The Burt Committee, formed in 1942 by the wartime government of Winston Churchill, proposed to address the need for an anticipated 200,000 shortfall in post-war housing stock, by building 500,000 prefabricated houses, with a planned life of up to 10 years within five years of the end of the Second World War. The eventual bill, under the post-war Labour government of Prime Minister Clement Attlee, agreed to deliver 300,000 units within 10 years, within a budget of £150m. Of 1.2 million new houses built from 1945 to 1951 when the programme officially ended, 156,623 prefab houses were constructed.[7][8]

New Towns Act housing


Mainly during the immediate post-war years, and well into the 1950s, council house provision was shaped by the New Towns Act 1946 (9 & 10 Geo. 6. c. 68) and the Town and Country Planning Act 1947 of the 1945–51 Labour government. At the same time this government introduced housing legislation that removed explicit references to housing for the working class and introduced the concept of "general needs" construction (i.e., that council housing should aim to fill the needs for a wide range of society). In particular, Aneurin Bevan, the Minister for Health and Housing, promoted a vision of new estates where "the working man, the doctor and the clergyman will live in close proximity to each other".[9]

From 1970s and onwards


From the late 1970s, the wider takeover of free market economics propagated by Margaret Thatcher’s conservative government sought to reduce the role of the state and the housing sector was further opened for private investors and actors. Deregulation of the mortgage finance sector in the 1980s was particularly significant, with the 1988 Housing Act introducing private competition into the sector.[10] The Housing Act 1988 marked the onset of various policies resulting in the residualisation of the public housing. Residualisation refers to the shrinking of the social housing stock, consisting mostly of deteriorated quality dwellings, and the growing concentration of disadvantaged minorities in such housing.[11] As the residual housing sector is mostly concentrated in lower-income neighbourhoods, a ‘neighbourhood effect’ manifests, reinforcing the idea of poverty as a problem of the place which has allowed market ideologies to advocate against decommodified housing provision.[12]

Landlord's obligations


A landlord's obligations are set out in several pieces of legislation, including the Landlord and Tenant Act 1985, which applies to tenancies entered into after 1961. In summary, section 11 provides that a landlord shall:

  • keep in repair the structure and exterior of the dwelling, including drains, gutters and external pipes;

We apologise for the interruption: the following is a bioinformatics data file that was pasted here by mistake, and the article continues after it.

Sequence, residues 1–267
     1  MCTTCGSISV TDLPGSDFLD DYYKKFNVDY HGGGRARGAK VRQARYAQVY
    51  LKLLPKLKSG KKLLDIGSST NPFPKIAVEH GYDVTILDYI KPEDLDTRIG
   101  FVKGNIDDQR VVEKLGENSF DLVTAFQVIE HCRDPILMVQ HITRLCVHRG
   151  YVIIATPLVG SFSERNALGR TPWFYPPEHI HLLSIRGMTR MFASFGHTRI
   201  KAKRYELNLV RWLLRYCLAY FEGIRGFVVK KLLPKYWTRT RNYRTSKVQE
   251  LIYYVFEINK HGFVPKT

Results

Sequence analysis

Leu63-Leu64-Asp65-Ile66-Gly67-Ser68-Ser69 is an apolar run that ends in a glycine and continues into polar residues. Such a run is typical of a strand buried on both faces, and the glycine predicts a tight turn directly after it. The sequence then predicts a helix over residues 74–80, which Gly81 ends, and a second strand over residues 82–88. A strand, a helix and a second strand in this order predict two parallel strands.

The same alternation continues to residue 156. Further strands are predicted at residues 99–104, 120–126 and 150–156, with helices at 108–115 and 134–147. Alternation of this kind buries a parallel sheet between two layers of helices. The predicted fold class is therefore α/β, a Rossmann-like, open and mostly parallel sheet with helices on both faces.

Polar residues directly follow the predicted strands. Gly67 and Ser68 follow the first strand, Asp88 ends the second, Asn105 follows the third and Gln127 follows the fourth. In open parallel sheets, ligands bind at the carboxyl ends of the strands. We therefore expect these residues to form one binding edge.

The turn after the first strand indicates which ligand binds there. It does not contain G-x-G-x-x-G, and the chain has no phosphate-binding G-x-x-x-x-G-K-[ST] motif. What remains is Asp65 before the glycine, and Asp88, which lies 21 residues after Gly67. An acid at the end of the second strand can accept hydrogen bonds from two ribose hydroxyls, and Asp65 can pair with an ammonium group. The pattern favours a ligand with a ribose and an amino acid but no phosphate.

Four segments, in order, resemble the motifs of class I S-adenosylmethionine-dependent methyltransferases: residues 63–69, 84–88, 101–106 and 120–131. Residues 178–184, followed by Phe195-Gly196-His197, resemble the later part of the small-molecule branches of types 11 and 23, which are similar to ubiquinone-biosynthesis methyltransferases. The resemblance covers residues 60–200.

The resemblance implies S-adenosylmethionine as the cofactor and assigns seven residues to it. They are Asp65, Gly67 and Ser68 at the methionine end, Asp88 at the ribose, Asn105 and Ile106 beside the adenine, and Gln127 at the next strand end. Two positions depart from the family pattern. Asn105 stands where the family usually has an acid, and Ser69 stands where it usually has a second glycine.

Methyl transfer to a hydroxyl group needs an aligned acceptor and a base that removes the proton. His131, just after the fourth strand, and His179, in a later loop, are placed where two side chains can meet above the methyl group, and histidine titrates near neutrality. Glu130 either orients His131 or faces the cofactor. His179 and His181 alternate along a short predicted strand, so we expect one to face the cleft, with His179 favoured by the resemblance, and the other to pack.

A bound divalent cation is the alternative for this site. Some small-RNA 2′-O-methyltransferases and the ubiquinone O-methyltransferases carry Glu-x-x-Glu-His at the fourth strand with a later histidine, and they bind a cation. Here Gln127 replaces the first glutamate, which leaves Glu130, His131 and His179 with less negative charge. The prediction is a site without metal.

• keep in repair and proper working order the installations in the dwelling for the supply of water, gas, and electricity, and for sanitation (including basins, sinks, baths and sanitary conveniences, but not other fixtures, fittings and appliances for making use of the supply of water, gas or electricity), and keep in repair and proper working order the installation in the dwelling for space heating and heating water.

If a landlord refuses to repair a rented property, the tenant can take action to require them to carry out necessary works and claim compensation.



Addison Act housing (1918–1923)


The Addison Act 1919 houses were usually three-bedroom houses with a living room and scullery, sometimes also with a parlour. Some had two, four, or even five bedrooms, as well as generously sized back gardens intended for vegetable growing. At most, they were built at 3,000/km2. They were generally built to the recommendations of the Tudor Walters Report.[citation needed] Examples are found in Downham, Watling Estate, and Becontree.[citation needed]

Tudor Walters Committee recommendations

Tudor Walters Committee recommendations
House without a parlour Area sq ft (m2 ) Volume cu ft (m3 ) House with a parlour Area sq ft (m2 ) Volume cu ft (m3 )
Parlour 120 (11) 960 (27)
Living room 180 (17) 1,440 (41) Living room 180 (17) 1,440 (41)
Scullery 80 (7.4) 640 (18) Scullery 80 (7.4) 640 (18)
Larder 24 (2.2) Larder 24 (2.2)
Bedroom No. 1 150 (14) 1,200 (34) Bedroom No. 1 160 (15) 1,280 (36)
Bedroom No. 2 100 (9.3) 800 (23) Bedroom No. 2 120 (11) 960 (27)
Bedroom No. 3 65 (6.0) 520 (15) Bedroom No. 3 110 (10) 880 (25)
Total 855 sq ft (79.4 m2) 1,055 sq ft (98.0 m2)
Desirable minimum sizes, Tudor Walters Committee[13]

Labour government homes (1924–1930)


The Addison Act 1919, and the severe housing shortage in the early 1920s created the first generation of houses to feature electricity, running water, bathrooms, indoor toilets and front/rear gardens. However, until well into the 1930s, some were built with outdoor toilets. Some did not feature an actual bathroom; the bath could often be found in the kitchen with a design which allowed it to double as a work surface. [14]